What’s next for Italy’s government?

2/9/2021 - Rome, Delegation of Italia Viva at the end of the meeting with Mario Draghi Pictured: Mario Draghi (Photo by IPA/Sipa USA)No Use Germany.

On January 26, Italy’s government — led by then-Prime Minister Giuseppe Conte, who is close to the Five Star Movement — collapsed when its governing coalition became untenable. That tenuous coalition included, most prominently, the left-wing populist Five Star Movement and center-left Democratic Party (PD). It also included a relatively new party, Italia Viva, which former Prime Minister Matteo Renzi established in September 2019 after seceding from the PD. Italia Viva’s parliamentary seats were crucial for the government to have a majority in the Senate. But following disagreements over access to European funding via the European Stability Mechanism, the management of the European Union (EU) Recovery Facility, reopening of schools, and other issues (including the management of the intelligence agencies), Renzi withdrew his support for the Conte-led government. Conte was forced to resign, triggering the current crisis.

For now, former European Central Bank Governor Mario Draghi is conducting negotiations with Italian political parties to form a new government. What comes next for Italy, and what does the sudden shakeup mean for partners like the United States?


In a parliamentary republic such as Italy, the resignation of the prime minister triggers a decision point for the president of the republic. President Sergio Mattarella could either call for the existing government to face a confidence vote in parliament or conduct consultations with all political parties to explore opportunities to create an alternative governing coalition. He chose the latter, and in this case tasked President of the Chamber Roberto Fico with exploring options. If consultations fail — which they did — the president of the republic can make one of two calls: dissolve parliament and call for new elections, or task an institutional figure (usually one who is outside politics), to form a new government that must face a confidence vote in the existing parliament. For this, Mattarella nominated former European Central Bank (ECB) Governor Mario Draghi.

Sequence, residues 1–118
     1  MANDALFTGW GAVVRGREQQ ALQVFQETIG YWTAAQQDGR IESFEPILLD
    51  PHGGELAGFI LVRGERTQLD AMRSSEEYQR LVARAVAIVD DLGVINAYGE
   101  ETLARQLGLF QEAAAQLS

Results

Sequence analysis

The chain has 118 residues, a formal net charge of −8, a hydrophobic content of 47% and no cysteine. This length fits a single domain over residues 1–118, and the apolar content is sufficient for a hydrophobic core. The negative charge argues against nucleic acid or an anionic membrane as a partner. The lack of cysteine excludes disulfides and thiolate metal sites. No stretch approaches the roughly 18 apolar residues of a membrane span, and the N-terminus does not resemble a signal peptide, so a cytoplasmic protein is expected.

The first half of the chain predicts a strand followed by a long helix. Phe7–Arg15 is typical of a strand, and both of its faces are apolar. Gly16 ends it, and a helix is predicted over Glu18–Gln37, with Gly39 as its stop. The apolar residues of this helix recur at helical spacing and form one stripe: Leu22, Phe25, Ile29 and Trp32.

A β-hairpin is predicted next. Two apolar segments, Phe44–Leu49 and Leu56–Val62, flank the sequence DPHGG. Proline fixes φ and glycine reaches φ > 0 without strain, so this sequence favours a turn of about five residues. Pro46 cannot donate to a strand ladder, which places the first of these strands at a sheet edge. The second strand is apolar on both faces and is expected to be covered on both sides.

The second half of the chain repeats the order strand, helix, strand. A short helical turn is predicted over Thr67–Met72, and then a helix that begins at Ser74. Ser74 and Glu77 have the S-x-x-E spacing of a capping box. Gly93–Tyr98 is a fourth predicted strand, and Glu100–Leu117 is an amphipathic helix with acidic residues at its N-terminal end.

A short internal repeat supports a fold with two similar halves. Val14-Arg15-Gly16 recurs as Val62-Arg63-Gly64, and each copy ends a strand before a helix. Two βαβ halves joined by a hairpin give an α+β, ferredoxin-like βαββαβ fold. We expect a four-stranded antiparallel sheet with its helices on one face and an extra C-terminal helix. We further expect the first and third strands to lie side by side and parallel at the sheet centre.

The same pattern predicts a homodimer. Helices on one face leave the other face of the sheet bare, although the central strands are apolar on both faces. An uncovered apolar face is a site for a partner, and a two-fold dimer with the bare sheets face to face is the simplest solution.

Mattarella argued that while elections are crucial to democracy, the technical requirements they would entail during a pandemic would be detrimental for public health, as well as Italy’s economy. Elections require at least two months of preparation time, during which the campaign and elections themselves would imply sanitary risks. Moreover, the lack of a fully empowered executive government could delay vaccinations and the elaboration of the economic plan requested by the EU commission before Italy can access funding from the EU Recovery Facility.


As of now, most parties have agreed to support Draghi’s government and are jostling for key positions. Given the technical (and un-elected) nature of this government, this comes at high political cost for some of them. The Five Star Movement, which in its origins stood against technocracy, is highly divided and will likely ask its base — through the online platform Rousseau — whether or not to endorse Draghi. The League has also opened up to Draghi, refusing to join its coalition partner Brothers of Italy as part of the opposition (together, they govern 14 of 20 Italian regions). For now, rumors say that Draghi has delineated a broad program, touching upon tax and justice reform, along with a strong push for school reopening and vaccinations for teachers. Wide support among Italian political parties may actually make the job difficult for Draghi: He will need to attentively select his ministers, negotiate and balance several stances, and ultimately ensure the operability of this new government.


The U.S. and Italy share political, economic, and security ties that exist separately from specific governing circumstances. However, at this particular moment — when there is enthusiasm as Joe Biden enters office in relaunching trans-Atlantic relations and multilateralism — Italy matters because of its chairmanship of the G-20 summit and its co-chairmanship of the COP26 on climate. Moreover, given the importance of its security ties with the U.S. and its position at the center of the Mediterranean, Italy is a crucial partner for the U.S. in the overall discussions over European strategic autonomy. In this regard, a high-profile figure like Mario Draghi — who has top-level experience in European institutions — may take potentially stronger stances in international and European arenas. Under his leadership, Italy may acquire more political leverage in the EU, challenging the Franco-German leadership in Europe and in its relations with the United States.